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Karla

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lorax

Member
Year of past OR future Camino
I tried in 09, it went horribly. Gonna try again. Aug/Sept this year
Hi all....

I am HAPPILY back home in Oregon.... I did not find what you all have talked about for the last year that I have followed this. I am still trying to figure out what the problem was, but I was not having a bit of fun. I found the people were rude, not helpful at all... I don't know that it was because I was older with white hair, a snorer or an American. I felt completely alone and freaked out most of the time. Add the 95 degree heat to that.... no thanks. I am old enough now (and having had a stroke two years ago) that I don't do anything that is not fun or something I want to do anymore.

After a few really unsettling sleepless nights at refugio's, I'd decided I'd had enough!! Plus I didn't want to inflict my snoring on other pilgrims.

Part of me wishes I'd have had the experiences that I read about for a year. I realllllly expected some things in English. I didn't expect to be "catered" to... but I did expect there would be some English written somewhere. In Oregon, everything is both in English and Spanish. I didn't find the Spanish people to be helpful to me at all. This was nothing like I'd read about, prepared for, hopefully expected.

I hope you all find what you are looking for.... I did too... my home in Oregon with my husband and kids. There truly is no place like home!

Karla
 
D

Deleted member 3000

Guest
Every Camino has lessons and often they include the importance of home and family. I personally think your efforts were commendable, and hope that there were a few moments of fun mixed in between the times of stress. For the rest of us, I think one lesson is about starting a Camino with a "vacation" in another country. That vacation can be a distraction. Jumping right into the trials and tribulations of an arduous physical task, surrounded by like-minded and like-stressed pilgrims, has some real advantages. Everyone knows what you are up against and is on your side, even if the language barrier is a problem. Karla, you can continue to get some Camino spirit by reading in this forum the thoughts and experiences of others, so stay with us!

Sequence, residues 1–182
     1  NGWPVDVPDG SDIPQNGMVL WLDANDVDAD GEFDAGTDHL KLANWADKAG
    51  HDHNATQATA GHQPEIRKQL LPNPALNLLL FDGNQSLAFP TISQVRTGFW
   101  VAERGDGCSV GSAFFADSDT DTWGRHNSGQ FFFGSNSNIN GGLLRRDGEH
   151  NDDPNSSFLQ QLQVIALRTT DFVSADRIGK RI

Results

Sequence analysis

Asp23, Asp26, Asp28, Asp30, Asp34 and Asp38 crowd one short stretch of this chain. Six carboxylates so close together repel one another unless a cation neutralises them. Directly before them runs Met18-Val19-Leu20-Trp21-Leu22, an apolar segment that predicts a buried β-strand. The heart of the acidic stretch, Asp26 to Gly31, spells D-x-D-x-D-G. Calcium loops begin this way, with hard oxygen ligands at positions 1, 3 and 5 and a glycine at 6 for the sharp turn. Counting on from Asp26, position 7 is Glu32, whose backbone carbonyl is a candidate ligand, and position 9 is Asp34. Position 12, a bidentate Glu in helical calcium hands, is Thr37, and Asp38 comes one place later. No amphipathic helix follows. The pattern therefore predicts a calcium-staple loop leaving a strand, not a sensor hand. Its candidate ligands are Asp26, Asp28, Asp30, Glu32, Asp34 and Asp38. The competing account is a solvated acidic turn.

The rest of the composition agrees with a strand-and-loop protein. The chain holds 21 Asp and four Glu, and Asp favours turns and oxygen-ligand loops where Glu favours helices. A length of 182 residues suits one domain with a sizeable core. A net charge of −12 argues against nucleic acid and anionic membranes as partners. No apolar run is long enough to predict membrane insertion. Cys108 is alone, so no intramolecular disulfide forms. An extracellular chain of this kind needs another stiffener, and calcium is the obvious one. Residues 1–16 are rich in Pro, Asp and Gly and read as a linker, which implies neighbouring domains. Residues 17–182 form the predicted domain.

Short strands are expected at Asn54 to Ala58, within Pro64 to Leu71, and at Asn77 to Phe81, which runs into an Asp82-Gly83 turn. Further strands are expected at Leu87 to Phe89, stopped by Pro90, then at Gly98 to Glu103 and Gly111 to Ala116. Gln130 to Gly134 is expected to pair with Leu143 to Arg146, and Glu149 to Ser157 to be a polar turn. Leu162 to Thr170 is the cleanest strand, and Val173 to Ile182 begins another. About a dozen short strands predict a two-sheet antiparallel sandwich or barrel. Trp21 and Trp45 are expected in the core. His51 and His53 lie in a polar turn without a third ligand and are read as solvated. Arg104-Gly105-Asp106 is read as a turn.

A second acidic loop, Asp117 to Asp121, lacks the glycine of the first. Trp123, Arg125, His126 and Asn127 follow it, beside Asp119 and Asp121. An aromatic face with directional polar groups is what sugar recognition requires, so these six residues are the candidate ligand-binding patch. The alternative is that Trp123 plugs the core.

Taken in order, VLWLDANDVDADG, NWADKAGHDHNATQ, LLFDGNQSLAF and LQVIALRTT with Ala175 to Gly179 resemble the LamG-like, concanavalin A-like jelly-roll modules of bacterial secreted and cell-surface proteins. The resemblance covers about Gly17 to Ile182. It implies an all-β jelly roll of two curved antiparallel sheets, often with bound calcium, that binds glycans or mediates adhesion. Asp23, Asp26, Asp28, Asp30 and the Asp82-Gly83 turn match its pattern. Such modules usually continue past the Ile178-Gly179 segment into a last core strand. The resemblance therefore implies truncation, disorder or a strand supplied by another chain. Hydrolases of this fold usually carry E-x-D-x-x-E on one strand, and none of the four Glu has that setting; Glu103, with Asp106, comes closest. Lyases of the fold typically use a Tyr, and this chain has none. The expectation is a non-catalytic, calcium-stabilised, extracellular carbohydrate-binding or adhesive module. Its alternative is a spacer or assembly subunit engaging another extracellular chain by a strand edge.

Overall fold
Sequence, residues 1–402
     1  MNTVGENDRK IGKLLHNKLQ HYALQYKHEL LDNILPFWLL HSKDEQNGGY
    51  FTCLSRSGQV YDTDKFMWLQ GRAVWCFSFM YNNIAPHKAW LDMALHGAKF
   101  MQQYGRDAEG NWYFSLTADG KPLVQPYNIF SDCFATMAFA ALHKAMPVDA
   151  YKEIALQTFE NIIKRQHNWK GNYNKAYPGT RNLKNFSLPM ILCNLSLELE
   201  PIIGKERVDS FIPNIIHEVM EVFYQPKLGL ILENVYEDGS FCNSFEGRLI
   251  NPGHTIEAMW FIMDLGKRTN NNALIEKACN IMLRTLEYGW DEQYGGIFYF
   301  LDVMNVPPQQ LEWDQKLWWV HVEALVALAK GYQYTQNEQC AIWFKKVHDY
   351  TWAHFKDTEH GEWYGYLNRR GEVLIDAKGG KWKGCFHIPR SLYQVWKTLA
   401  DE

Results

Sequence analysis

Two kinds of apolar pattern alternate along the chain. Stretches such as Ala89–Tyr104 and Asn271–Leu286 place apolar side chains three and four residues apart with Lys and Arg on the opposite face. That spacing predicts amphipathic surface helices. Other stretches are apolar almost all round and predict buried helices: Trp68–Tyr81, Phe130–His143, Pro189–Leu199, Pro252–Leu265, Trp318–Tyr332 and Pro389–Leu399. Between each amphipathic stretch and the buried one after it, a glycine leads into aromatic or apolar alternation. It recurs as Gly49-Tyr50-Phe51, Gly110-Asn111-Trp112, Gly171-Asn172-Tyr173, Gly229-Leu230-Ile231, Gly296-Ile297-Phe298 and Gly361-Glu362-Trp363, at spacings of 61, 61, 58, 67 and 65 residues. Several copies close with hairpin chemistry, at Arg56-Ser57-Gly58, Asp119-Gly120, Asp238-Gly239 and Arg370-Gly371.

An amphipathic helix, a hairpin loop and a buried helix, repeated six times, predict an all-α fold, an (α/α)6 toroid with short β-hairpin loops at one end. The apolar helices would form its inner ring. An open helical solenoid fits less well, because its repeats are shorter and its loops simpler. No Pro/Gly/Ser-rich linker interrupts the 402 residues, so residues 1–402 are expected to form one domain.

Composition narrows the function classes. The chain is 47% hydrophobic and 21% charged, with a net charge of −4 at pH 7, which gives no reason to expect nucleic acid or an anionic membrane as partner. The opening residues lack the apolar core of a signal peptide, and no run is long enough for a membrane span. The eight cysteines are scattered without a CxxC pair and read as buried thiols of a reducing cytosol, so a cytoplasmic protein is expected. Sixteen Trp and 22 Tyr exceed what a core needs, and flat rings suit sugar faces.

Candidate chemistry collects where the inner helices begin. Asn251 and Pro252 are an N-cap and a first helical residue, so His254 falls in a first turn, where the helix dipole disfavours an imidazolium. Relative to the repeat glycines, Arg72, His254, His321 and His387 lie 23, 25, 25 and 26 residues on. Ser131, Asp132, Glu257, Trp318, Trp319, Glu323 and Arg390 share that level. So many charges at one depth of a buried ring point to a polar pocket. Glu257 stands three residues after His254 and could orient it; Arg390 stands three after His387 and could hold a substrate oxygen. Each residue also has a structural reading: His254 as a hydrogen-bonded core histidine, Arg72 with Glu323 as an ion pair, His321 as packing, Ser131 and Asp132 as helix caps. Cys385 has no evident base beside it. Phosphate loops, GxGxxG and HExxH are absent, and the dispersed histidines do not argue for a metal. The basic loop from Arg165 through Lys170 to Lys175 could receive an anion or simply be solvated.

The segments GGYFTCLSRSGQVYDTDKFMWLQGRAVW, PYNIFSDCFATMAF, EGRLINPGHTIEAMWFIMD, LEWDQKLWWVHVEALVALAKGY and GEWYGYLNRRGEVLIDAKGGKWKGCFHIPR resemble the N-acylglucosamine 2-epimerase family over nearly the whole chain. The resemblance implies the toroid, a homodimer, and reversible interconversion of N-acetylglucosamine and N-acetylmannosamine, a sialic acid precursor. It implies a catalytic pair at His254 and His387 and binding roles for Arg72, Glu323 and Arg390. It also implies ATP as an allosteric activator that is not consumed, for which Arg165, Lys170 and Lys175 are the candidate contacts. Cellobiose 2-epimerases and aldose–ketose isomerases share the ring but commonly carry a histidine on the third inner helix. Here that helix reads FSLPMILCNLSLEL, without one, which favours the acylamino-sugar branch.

MichaelB10398

Veteran Member
Year of past OR future Camino
Le Puy to Santiago de Compostela, Lourdes to SdC, SJPP to SdC
Karla, there are few lessons in life of more worth than coming to an understanding of the worth of one's own family; our own spouse and our own children. That is a rare gift you have been given.

On an aside, just from reading your several posts about your experience it is apparent that you were not prepared for travel in a foreign land. Americans, in particular, may have a thought process that demands that everyone speak their language...at least a little. More importantly, that those in foreign lands must do things the "right" way, which is the American way. I hope that you have not given up entirely on traveling abroad, but before you go next time you will find a wealth of books to read about what is demanded of those who travel to to lands with different cultures, languages, and social mores.

Regardless, know that your Camino is not ended, but that you now have the knowledge the grass is not greener "out there". There is no place like home.

Michael
 
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grayland

Moderator
Staff member
Year of past OR future Camino
Yes
MichaelB10398 said:
SNIP...
it is apparent that you were not prepared for travel in a foreign land. Americans, in particular, may have a thought process that demands that everyone speak their language...at least a little. More importantly, that those in foreign lands must do things the "right" way, which is the American way. I
....SNIP